The Tragedy of Pudd’nhead Wilson by Mark Twain

Audio CD, 6 disks (6.5 hours)
Published December 15th 2002 by Tantor Media (first published May 10th 1893)

ISBN:1400100682 (ISBN13: 9781400100682)
primary language:English
original title:The Tragedy of Puddn’head Wilson
4 stars overall / 4 stars audio narration


Goodreads Synopsis:
Switched at birth by a young slave woman who fears for her son’s life, a light-skinned infant changes place with the master’s white son.
Review:

I thoroughly enjoyed this book, and am reminded as I am each & every time I read Twain just how good he is. This is a tall tale, to say the least, but wholly entertaining and fun. I love the idea of just desserts, and clearly Twain did too, so the conclusion was a very satisfying end to a tale that was complex, exciting & fun.

 

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Juliet, Naked by Nick Hornby

Audio CD, 8 disks (9 hours)
Published September 29th 2009 by Riverhead Hardcover
ISBN:  1594488878 (ISBN13: 9781594488870)
primary language:  English
original title:  Juliet, Naked
literary awards:  Goodreads Choice Award Nominee for Fiction (2009)
4.5 stars overall / 4 stars audio narration

Summary:
Annie loves Duncan — or thinks she does. Duncan loves Annie, but then, all of a sudden, he doesn’t. Duncan really loves Tucker Crowe, a reclusive Dylanish singer-songwriter who stopped making music ten years ago. Annie stops loving Duncan, and starts getting her own life.

In doing so, she initiates an e-mail correspondence with Tucker, and a connection is forged between two lonely people who are looking for more out of what they’ve got. Tucker’s been languishing (and he’s unnervingly aware of it), living in rural Pennsylvania with what he sees as his one hope for redemption amid a life of emotional and artistic ruin-his young son, Jackson. But then there’s also the new material he’s about to release to the world: an acoustic, stripped-down version of his greatest album,Juliet — entitled, Juliet, Naked.

What happens when a washed-up musician looks for another chance? And miles away, a restless, childless woman looks for a change? Juliet, Naked is a powerfully engrossing, humblingly humorous novel about music, love, loneliness, and the struggle to live up to one’s promise.

My thoughts:
** spoiler alert ** I thoroughly enjoyed this book…all the way to the end, but what a TERRIBLE way to end the book. The story was fairly well fleshed out, and I loved that Annie really comes into her own at the end, but the abruptness of the ending was definitely a big negative. I kept thinking there had to be a little more, but no, that was it, so the reader is left to conclude what? Sure, Tucker Crowe releases another album that is panned by fans & critics alike, because of the lack of angst in the music. But the “why” of it is frustrating because it remains completely unexplained. Further, since the book was as much (or more) about Annie’s growth as anything else, being left with her simply walking out of the therapist’s office, but without any other definitive action following that, is completely annoying. It wasn’t necessary for her action to be huge, but something more than the “I’m done with counseling, then end” would have been nice.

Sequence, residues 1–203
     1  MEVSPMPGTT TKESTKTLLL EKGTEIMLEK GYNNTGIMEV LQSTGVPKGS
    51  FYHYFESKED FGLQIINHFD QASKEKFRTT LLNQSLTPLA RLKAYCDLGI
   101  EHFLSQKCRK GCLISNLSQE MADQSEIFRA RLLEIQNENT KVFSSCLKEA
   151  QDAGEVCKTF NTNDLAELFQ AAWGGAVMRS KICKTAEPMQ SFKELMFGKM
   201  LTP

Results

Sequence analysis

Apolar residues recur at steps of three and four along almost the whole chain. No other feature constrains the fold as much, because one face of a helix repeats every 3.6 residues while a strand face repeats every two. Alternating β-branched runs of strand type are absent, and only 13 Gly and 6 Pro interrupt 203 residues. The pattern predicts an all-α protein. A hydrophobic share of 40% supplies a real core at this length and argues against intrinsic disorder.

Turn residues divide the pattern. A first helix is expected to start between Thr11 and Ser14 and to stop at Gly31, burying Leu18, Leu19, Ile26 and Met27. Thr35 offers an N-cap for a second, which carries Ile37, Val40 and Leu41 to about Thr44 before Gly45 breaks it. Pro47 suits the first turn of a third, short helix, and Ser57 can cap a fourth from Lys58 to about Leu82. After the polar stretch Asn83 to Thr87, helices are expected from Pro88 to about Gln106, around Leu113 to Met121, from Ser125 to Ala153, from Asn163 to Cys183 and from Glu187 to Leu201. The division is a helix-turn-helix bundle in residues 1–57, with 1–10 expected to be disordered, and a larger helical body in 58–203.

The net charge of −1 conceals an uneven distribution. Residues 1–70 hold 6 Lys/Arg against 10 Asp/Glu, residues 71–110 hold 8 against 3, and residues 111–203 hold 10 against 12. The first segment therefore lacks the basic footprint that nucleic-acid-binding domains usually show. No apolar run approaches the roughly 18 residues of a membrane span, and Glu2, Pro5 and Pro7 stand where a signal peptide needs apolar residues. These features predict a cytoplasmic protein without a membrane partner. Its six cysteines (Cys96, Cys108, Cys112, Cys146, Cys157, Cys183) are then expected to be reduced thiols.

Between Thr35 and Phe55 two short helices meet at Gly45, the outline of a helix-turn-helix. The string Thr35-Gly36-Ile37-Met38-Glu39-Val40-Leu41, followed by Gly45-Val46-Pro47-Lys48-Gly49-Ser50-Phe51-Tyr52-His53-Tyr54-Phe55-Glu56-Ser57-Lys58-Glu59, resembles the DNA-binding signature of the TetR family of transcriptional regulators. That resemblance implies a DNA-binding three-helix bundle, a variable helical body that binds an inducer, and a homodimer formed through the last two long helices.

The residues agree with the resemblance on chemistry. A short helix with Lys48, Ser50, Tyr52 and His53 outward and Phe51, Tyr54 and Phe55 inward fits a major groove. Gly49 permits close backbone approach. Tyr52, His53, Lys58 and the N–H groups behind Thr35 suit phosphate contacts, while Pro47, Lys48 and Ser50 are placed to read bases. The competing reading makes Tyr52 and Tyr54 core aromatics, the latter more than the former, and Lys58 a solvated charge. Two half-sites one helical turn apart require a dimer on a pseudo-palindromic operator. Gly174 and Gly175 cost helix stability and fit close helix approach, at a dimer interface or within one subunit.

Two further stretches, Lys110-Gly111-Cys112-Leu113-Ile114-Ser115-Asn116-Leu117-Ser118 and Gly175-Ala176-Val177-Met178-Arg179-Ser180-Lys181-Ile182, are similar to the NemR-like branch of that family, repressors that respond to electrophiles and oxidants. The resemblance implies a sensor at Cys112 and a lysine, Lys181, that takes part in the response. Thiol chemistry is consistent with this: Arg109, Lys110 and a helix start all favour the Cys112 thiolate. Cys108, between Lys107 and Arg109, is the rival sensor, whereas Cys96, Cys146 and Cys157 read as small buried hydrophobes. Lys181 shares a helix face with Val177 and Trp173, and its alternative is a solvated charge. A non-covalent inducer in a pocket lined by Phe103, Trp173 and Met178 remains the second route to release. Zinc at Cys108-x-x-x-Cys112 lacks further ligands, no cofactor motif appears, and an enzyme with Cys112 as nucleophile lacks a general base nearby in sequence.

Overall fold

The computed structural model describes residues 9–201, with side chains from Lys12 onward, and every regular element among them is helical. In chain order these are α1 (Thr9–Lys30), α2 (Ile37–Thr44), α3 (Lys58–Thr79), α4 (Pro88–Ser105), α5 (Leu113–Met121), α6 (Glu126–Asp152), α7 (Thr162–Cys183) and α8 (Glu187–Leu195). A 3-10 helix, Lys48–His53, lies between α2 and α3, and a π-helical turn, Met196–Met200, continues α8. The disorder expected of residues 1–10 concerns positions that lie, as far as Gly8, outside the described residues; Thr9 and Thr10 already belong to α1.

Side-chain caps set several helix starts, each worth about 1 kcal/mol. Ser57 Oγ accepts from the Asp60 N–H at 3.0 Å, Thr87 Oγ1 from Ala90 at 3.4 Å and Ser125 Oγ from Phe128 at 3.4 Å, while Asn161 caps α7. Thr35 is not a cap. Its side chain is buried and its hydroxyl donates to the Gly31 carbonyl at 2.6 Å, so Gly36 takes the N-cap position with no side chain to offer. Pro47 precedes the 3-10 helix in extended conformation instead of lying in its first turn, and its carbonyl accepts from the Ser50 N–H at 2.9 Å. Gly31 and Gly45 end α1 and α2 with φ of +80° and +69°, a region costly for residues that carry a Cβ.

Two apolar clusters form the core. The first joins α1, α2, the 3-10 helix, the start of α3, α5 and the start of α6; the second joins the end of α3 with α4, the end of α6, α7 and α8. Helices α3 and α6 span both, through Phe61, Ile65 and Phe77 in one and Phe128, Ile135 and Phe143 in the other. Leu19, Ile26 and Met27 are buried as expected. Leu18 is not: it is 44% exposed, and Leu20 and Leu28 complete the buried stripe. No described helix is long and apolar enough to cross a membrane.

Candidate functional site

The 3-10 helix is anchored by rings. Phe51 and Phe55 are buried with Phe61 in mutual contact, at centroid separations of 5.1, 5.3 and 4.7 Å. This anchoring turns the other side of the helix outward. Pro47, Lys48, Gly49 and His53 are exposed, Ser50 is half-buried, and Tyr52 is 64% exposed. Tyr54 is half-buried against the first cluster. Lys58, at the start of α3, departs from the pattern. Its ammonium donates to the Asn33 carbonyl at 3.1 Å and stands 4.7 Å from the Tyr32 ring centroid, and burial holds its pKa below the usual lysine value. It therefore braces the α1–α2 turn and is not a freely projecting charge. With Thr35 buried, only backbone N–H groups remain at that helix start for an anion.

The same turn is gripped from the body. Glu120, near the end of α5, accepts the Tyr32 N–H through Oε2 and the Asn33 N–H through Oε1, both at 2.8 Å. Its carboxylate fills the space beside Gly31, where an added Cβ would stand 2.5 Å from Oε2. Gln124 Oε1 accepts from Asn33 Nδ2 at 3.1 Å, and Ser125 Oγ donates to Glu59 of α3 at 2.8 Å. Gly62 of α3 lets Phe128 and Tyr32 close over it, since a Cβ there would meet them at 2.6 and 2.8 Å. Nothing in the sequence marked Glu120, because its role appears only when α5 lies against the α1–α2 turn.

On the up side, Hornby’s writing is really, really engaging, so I’m pumped to read more of his books.

This Side of Paradise by F. Scott Fitzgerald

Audio CD, 8 disks (9 hours)
Published August 25th 2007 by Brilliance Audio (first published 1920)
ISBN:  1423310888 (ISBN13: 9781423310884)
original title:  This Side of Paradise

4 stars overall / 4(ish) stars audio narration

Summary:
Fitzgerald’s first novel, reprinted in the handsome Everyman’s Library series of literary classic, uses numerous formal experiments to tell the story of Amory Blaine, as he grows up during the crazy years following the First World War. It also contains a new introduction by Craig Raine that describes critical and popular reception of the book when it came out in 1920.

My thoughts:
Never have I read a more elegantly written novel about…well…pretty much nothing. Amory Blaine – the Romantic Egotist – is consumed with himself, lazy, idle, and bored with everything except his own opinions & women. This is the entire focus of This Side of Paradise, and I am astonished that Fitzgerald could find this much to say about so little. Nevertheless, the writing is witty & clever, and as such makes a spectacularly unlikeable character almost palatable. I enjoyed it, even when I was wanting to slug Amory. There’s something to be said for an author who can provoke that reaction.